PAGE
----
Leptospirosis at present is greatly under-reported due to lack of simple, rapid and efficient tests for early diagnosis and also vaccines that can elicit protective immunity. Serological techniques for detection of antibody, isolation and demonstration of leptospires and polymerase chain reaction (PCR) are available laboratory methods for diagnosis. Low success rate of isolation, unreliability of direct demonstration of leptospires using dark field microscopy and inaccessibility of molecular techniques like PCR-based diagnosis to most peripheral hospitals and clinics make serological tests play an important role in laboratory diagnosis of leptospires. Though the microscopic agglutination test (MAT) continues to remain the "gold standard" for diagnosis, it has its limitations. The immense serovar diversity among the pathogenic leptospires necessitates maintenance of a large panel of serovars, thus restricting the use of the test. The test is also complex to perform and interpret. The lack of good and user friendly diagnostic test has led to a plethora of tests being developed which includes latex agglutination (LA), haemagglutination assays (HA), LeptoTek Dri-Dot, Lepto dipstick, Lepto lateral flow, microcapsule agglutination test (MCAT), enzyme-linked immunosorbent assay (ELISA) and dot-ELISA have been evaluated as rapid screening tests for leptospirosis. Most of these techniques were found to be more sensitive during the acute stage of the disease.[9]

Much work has focused on the role of leptospiral lipopolysaccharides (LPS) in immunity[10] and the genetics of LPS biosynthesis have been partly elucidated.[11] Preparations of leptospiral LPS can elicit protective immunity. These currently available leptospiral LPS vaccines have low efficacy, are serovar specific and generally produce only short-term immunity in domestic livestock. Efforts to identify immunogenic components of value in diagnosis and in vaccine preparation resulted in characterization of LipL 21, LipL 32, LipL 36, LipL 41 and LipL 48 outer membrane proteins.[12],[13],[14] Recently, it was reported that by screening with immune sera from leptospirosis patient, 16 proteins were identified as potential vaccine candidates or to be used in diagnosis. Out of these sixteen, four proteins such as OMPAL 21, LipL 23, OMPL 31 and MPL 36 were not expressed in L. biflexa and conserved among pathogenic leptospires.[15] It was reported that two proteins (31 and 41 KDa) function synergistically in the immunoprotection of hamsters suggesting that an effective protein-based vaccine would contain several components.[16] The search for protective immunogen and candidate antigen for diagnosis is complicated by the possibility that the expression of some of these important components may be influenced by conditions prevailing within the immediate environment of the pathogen within the mammalian host.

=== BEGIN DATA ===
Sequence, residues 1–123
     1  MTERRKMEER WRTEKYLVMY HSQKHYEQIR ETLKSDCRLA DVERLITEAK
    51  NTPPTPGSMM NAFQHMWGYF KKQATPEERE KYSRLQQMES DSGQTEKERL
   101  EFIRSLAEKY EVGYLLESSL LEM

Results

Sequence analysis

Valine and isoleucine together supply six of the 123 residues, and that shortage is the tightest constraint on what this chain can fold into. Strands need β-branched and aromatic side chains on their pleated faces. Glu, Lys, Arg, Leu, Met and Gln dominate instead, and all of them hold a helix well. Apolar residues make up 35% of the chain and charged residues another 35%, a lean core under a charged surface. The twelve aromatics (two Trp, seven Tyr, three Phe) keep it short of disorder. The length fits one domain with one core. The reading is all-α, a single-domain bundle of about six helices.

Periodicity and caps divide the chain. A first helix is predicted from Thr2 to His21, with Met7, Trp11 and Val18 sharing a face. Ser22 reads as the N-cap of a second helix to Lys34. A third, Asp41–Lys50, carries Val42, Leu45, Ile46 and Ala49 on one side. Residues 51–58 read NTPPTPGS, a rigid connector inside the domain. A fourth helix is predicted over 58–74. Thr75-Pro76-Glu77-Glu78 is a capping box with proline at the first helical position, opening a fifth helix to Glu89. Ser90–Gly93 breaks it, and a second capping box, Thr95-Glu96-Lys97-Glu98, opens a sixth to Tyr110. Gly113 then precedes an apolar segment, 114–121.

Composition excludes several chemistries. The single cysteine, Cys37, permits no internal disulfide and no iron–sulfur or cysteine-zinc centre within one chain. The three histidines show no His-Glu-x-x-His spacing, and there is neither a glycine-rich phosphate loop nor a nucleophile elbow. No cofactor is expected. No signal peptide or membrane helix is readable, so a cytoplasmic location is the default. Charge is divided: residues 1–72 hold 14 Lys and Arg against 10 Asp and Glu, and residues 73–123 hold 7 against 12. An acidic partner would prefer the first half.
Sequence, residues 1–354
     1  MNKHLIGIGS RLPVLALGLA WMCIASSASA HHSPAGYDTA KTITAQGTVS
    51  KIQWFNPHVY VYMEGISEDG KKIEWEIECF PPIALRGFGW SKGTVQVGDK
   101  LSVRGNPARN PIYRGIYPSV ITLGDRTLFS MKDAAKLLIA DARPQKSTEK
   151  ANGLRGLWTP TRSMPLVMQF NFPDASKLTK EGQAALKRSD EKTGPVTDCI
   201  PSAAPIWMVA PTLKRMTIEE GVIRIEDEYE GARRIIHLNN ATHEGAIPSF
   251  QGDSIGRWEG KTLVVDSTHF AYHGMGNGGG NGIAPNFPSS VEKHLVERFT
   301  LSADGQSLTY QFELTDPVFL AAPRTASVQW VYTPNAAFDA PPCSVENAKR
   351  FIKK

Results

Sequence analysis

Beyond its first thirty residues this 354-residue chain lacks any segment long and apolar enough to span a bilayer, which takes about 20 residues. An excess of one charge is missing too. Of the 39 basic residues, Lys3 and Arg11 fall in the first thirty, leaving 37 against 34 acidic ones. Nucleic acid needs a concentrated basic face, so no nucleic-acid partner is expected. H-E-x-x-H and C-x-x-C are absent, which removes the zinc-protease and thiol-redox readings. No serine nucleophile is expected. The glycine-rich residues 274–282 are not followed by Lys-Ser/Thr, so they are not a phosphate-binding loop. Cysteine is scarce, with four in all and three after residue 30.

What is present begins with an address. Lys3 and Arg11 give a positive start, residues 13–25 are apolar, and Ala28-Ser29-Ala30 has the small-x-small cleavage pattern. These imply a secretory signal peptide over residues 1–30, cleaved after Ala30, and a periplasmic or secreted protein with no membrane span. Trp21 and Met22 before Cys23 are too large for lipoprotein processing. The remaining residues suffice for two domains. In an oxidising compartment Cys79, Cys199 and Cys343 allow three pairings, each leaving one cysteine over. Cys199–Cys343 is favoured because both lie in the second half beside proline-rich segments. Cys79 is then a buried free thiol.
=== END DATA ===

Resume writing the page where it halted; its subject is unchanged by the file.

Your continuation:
As iron limitation is one of the non-specific mechanisms of the host immunity, we studied the influence of expression of iron limitation on the outer membrane proteins in L. interrogans serovar Icterohemorrhagiae strain Lai and we report the immunoreactivity of serum from human patients with leptospirosis with specific outer membrane proteins expressed under conditions of iron deprivation and also the effect of iron deprivation on the expression of LipL32 and LipL41.

 ~ Materials and Methods Top

Growth conditions

 Leptospira interrogans Scientific Name Search 
serovar Icterohaemorrhagiae strain Lai (obtained from the Regional Medical Research Centre and WHO collaborating center for Diagnosis, Reference, Research and training in leptospirosis (ICMR), Port Blair Andaman and Nicobar Islands) was maintained in semisolid (0.15% Noble agar) EMJH supplemented with 10% enrichment (Difco, USA) at 30C in screw-capped test tubes. Iron deprivation was established as follows. Iron-free glassware and glass double-distilled water was used. Initially, the organisms were cultured in EMJH liquid medium supplemented with 10% enrichment and after sufficient growth, the 150 uM 2-2' dipyridyl was added gradually over a period of two days to gradually deprive them of iron. These cells were then re-suspended overnight in iron-free medium that was pre-incubated overnight with 150 uM 2-2' dipyridyl. An identical set of culture without chelator representing iron-replete organisms was maintained. All the cultures were harvested and analyzed for the expression of iron-regulated membrane proteins.

Extraction of outer membrane proteins by Triton X-114